Harry Potter and the Philosopher’s (Sorcerer’s) Stone and Harry Potter and the Chamber of Secrets have fallen a lot in the estimate of film critics and fans, at least since the third and fourth movies came out. These days the conventional wisdom holds that the installments directed by Chris Columbus lacked originality or artistic merit. Let’s not forget, though, what books the first two movies were based on, and what audience they were aimed at. Like J. K. Rowling’s books, this series of Warner Bros. films has gradually moved out of the world of light, children’s entertainment toward mature, significant fantasy. Within the limits of the first two movies’ special-effects budget and their principal players’ unformed acting skills, the PS/SS and CoS movies were of the highest possible quality. They convincingly created a visual world full of magic and mystery, and did as much as any film could to turn two kidfic novels bursting with incidents and characters into coherent, visually-driven journeys. There is much in them to be admired.

Harry Potter and the Prisoner of Azkaban changed the texture of the film series toward a kind of quirkiness appreciated by a more advanced age-group. It also furnished the series’ clearest demonstration of how a long, complex, dialogue-driven tale can be transformed into a form of storytelling, where the image largely replaces the word as the medium of communication. Not only were non-essential incidents pared down to reveal the story’s esence, but even the essential storyline had to be altered to make way for eye-impacting moments barely hinted at in the book (such as Harry’s first ride on the Hippogriff). Harry Potter and the Goblet of Fire simplified things still further, but also dragged the look and tone of the series to the verge of adulthood. By Order of the Phoenix, the main characters are basically “all grownup,” looking and beginning to act like the adults they are becoming, and their story has begun to resonate with the concerns and experiences of adult viewers.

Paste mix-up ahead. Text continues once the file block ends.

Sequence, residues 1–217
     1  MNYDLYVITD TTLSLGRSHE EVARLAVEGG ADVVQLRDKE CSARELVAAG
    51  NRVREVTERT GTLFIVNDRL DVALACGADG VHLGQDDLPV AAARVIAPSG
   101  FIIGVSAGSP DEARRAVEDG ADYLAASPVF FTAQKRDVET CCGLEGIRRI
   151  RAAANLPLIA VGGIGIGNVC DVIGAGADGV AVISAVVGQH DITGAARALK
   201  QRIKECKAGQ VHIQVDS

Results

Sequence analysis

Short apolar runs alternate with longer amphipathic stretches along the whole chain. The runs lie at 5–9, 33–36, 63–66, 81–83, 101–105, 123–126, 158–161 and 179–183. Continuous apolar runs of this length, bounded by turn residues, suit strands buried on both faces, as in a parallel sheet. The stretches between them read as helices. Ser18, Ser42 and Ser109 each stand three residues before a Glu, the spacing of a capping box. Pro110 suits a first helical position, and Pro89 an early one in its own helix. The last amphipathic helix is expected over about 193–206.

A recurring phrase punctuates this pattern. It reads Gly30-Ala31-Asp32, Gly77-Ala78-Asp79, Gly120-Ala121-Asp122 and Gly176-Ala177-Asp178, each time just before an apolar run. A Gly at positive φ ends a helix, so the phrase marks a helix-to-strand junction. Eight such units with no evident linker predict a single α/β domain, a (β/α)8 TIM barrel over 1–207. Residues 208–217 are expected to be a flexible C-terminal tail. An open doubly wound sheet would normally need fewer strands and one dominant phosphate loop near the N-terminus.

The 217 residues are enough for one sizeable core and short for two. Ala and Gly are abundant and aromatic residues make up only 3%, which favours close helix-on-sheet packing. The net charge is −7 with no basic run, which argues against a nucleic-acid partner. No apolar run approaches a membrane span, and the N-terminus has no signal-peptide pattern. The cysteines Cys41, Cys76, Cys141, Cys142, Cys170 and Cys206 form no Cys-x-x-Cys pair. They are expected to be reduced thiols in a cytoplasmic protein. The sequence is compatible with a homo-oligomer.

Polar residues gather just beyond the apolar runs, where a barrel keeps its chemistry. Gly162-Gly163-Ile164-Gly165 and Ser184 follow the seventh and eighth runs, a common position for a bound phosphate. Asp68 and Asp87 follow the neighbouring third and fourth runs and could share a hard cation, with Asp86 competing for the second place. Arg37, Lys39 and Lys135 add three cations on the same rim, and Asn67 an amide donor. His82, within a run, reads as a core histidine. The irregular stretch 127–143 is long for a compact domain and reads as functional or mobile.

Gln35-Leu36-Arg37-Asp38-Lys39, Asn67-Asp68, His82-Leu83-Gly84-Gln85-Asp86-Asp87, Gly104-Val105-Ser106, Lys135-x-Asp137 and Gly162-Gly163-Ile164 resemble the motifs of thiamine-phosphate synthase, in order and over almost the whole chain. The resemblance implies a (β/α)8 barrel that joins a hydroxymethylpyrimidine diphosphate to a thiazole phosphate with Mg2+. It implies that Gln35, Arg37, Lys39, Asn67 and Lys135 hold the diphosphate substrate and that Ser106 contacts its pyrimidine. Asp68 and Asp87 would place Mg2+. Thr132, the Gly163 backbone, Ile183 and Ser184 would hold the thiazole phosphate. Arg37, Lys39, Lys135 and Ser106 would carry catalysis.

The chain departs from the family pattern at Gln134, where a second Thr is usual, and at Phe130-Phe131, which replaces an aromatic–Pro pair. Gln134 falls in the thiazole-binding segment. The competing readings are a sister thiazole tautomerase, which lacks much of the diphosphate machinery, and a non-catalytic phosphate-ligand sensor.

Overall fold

Harry Potter and the Half-Blood Prince will, I think, play as a macabre mystery, rather than a magical fantasy for children. The magic can almost be taken for granted now. What remains crucial is the race between Dumbledore’s plan to set Harry onto destroying Voldemort, and Voldemort’s plan to get rid of Dumbledore. When you look back from the post-Deathly Hallows vantage point, the structure of Book 6 becomes clearer, and in a way that the makers of the sixth movie would be foolish to ignore: it’s all about whether Dumbledore can avoid assassination long enough to equip Harry for his Horcrux quest; and in this race – or rather, this lap of the race – the good guys barely win. It’s so close that you have to wait until almost the end of Deathly Hallows to really know how it turned out.